Editor’s Note: Viako is transitioning from making mini cases and industrial PC to barebones and complete systems. Its primary markets are in Korea, Japan, the Philippines, Israel and England. It’s likely that the vast majority of Viako customers would not using these mini-ITX systems with TVs, where HDMI is an absolute necessity, but rather, <24″ LCD monitors with VGA/DVI connectors and small external self-powered speakers, in small rooms.


Accessories.

The ML-80 ships in a similar “airmail” themed box as the ML-45. The accessories packed inside include a remote control and batteries, a pair of shorter than average SATA cables, and a large external power brick.


AC power adapter.

Most Atom and Fusion based nettops ship with a 60~65W power adapter but for a dual core Sandy Bridge CPU, a 100W model was required. While it has a significantly higher capacity, it bares the same Energy Star “IV” certification mark as the ML-45’s adapter, indicating an efficiency level of 85% above 50W.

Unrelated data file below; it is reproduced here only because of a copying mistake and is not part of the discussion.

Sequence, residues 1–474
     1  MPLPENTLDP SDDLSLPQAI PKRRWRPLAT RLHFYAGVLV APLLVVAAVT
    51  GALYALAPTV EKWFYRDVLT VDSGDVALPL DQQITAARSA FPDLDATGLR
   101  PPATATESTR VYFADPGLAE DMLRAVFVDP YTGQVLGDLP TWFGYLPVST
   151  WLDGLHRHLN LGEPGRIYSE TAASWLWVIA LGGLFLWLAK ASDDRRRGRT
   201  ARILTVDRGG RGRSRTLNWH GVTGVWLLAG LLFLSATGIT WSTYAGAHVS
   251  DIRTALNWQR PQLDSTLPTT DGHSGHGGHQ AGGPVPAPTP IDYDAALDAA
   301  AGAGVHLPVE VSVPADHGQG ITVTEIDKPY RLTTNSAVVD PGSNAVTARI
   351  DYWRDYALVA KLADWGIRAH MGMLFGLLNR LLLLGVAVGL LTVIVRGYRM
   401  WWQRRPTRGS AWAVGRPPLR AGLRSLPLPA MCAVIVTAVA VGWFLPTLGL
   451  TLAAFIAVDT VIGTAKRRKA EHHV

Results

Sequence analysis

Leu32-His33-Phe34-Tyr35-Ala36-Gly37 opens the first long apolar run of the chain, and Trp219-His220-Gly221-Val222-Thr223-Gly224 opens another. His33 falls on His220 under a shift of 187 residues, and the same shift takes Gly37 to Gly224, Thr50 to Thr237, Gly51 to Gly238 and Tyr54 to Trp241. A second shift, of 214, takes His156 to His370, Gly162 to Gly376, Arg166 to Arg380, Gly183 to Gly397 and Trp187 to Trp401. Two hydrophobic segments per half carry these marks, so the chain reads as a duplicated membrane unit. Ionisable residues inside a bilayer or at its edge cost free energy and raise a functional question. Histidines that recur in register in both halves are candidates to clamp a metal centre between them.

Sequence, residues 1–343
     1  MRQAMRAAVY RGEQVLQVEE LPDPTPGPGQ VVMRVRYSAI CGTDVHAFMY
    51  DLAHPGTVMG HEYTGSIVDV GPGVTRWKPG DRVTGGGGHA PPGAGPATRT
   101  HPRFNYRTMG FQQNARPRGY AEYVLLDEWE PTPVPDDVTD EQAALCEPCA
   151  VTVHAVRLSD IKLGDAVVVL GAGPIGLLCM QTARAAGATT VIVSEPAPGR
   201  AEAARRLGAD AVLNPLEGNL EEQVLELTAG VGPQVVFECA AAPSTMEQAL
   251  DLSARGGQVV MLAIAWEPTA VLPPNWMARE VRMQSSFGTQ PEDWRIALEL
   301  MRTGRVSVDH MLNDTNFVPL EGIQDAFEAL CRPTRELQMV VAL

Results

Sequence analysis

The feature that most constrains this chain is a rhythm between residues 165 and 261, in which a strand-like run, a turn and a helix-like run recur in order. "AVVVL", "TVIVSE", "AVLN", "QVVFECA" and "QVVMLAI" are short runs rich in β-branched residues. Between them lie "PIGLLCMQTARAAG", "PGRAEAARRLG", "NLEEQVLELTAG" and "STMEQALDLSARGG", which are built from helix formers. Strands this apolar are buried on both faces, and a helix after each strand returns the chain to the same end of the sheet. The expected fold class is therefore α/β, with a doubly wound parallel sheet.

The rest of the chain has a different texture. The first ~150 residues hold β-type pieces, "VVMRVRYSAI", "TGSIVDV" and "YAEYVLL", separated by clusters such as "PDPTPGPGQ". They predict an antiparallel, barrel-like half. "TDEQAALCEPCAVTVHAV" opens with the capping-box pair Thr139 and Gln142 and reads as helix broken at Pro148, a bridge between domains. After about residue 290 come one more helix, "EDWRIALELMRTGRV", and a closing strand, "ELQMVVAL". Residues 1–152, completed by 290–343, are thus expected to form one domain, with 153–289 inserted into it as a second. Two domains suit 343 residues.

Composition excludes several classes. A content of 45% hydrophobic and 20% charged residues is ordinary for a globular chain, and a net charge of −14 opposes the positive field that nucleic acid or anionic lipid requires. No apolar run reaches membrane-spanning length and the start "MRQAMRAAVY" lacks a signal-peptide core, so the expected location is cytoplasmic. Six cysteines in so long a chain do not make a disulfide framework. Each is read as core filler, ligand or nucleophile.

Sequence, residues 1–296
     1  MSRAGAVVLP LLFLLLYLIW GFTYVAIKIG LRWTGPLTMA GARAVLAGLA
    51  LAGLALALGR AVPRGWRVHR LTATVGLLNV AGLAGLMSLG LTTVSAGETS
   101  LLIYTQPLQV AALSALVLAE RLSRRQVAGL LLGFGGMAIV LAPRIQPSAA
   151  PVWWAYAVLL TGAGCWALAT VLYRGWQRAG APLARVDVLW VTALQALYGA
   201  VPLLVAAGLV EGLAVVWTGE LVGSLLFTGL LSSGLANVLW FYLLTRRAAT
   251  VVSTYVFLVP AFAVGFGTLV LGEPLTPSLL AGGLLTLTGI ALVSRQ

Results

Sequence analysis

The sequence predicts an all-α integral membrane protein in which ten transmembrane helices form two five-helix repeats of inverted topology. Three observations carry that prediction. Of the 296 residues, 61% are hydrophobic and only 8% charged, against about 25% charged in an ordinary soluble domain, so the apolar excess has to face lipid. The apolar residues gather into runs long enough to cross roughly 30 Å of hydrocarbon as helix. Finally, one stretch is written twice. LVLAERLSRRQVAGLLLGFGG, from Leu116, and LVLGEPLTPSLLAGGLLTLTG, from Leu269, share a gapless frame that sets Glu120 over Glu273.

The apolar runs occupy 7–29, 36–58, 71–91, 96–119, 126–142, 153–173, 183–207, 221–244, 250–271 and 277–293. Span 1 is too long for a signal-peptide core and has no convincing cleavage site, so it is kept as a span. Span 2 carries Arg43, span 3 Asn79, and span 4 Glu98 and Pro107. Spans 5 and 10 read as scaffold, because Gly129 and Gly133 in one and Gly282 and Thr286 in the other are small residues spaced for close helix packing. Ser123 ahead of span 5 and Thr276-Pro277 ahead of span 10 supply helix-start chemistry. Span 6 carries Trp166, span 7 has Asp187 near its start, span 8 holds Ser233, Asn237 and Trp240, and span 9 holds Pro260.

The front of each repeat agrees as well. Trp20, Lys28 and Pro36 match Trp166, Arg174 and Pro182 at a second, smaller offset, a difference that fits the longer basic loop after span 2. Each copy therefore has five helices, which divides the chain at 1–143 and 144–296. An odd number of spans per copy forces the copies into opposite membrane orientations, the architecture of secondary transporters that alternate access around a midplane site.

Viako Mini Letter ML-80 H61: Specifications
(from the product
web page
)

 

ECS H61H2-I2: Specifications
(from the product
web page
)

INTERIOR & ASSEMBLY

The case and motherboard supports two DDR3 DIMMs, one 2.5″ SATA drive, two fan headers, one 4-pin PWM header and one 3-pin DC header (used by the 50mm exhaust fan), and has power connectors for one floppy, one molex, and one SATA device. We assembled the system with a Core i3-2100, a Scythe Big Shuriken cooler, 4GB of Kingston HyperX memory, and a Seagate Momentus XT hybrid hard drive.


It’s a tight squeeze with the motherboard pressed up almost directly against the circuit board of the power supply/VFD at the front, though some room has been allocated on each side for small vents on the sides of the case floor.


There’s a single 2.5″ drive mount located above the chipset heatsink and mounting holes for another one on the opposite side, but a second frame is not included.


With little room to work we had to install the Scythe Big Shuriken outside the case before squeezing it. It fit with 6 mm to spare making above it, making the total clearance about 64 mm. However the hard drive frame overlapped the fan prevent the hard drive from being installed as intended.